So once I've written a novel and it's ready to roll, I can get it on sale immediately. I can do the sequel as soon afterwards as I please – I don't have to worry about the publisher's catalogue or the sales team selling the book into a chain that has its own schedules geared to a much longer timescale. If I've written enough to publish an entire series in a year, six* books or more, then I don't have to factor in how long the books will take the publisher to feed out into the market, or having too many titles out at once. It's just not relevant when the titles will go on sale online and will always be on the virtual shelves as long as I want them to be, so that readers can work through them as fast or as slowly as they want.

And that's a really significant advantage that indie authors – and small publishers, who can be equally agile – have over traditional big publishing companies. I won't get into why having a critical mass of titles for sale helps increase sales, but it's a factor in visibility and building a readership. But for writers who sail perilously close to the disruptive potential of the world actually doing stuff that messes up their story, getting to market fast is a life saver.

(*No. Just no. I'm too old and tired now. But I'll keep taking the vitamin C and see how far I get.)

Keywords, caveats, and rough cactus affection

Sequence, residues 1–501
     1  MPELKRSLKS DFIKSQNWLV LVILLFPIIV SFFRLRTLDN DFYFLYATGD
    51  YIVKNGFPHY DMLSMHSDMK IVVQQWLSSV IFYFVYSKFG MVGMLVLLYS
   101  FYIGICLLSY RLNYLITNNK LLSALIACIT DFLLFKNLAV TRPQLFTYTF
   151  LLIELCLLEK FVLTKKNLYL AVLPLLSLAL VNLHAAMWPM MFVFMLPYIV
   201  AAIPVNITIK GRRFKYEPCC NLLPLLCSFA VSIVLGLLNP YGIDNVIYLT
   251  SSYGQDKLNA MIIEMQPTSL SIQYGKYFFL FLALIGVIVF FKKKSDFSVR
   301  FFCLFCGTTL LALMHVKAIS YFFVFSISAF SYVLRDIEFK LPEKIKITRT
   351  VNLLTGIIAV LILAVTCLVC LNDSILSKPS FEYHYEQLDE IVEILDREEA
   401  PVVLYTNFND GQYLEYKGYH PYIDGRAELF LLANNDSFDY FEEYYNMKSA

If you've been following me on Twitter this week, you'll have noticed that I'm a bit preoccupied with book categorisation. Which is why I'm asking people who actually buy books to tell me how they work out what a book is and if they're going to be interested in it or even offended by it.

You'd think it would be fairly simple to work out what kind of book you've written and which people are likely to read it. But the book world's not the tidy, controlled marketplace it used to be, when books knew their place on the shelves and librarians wore cardigans. The internet has brought us maximum choice and the ability to find what we want with ever more precise keywords, but with maximum anything comes a need to sort stuff out. And that's my challenge. It came about because of the way new categories spring up way ahead of anything BISAC (the book industry's categorisation standard) can get to grips with.

When you're marketing your own stuff you have to face keywords and meta tags sooner or later. Now, I already had problems working out whether GOING GREY was a techno-thriller, a military thriller, or military SF that wasn't really what I;d call military SF. (Blokes in armour, aliens, unfeasibly large weapons, and that kind of thing, of which I've penned my share.) I ended up taking a vote among my beta readers. Techno-thriller won, but this week I decided to switch the categories to SF/ Military and Thriller/Military after checking the titles I could actually see on Amazon in those sections.

Categories, though, are plain sailing compared to the keywords you also have to add to help readers find your book when they're browsing.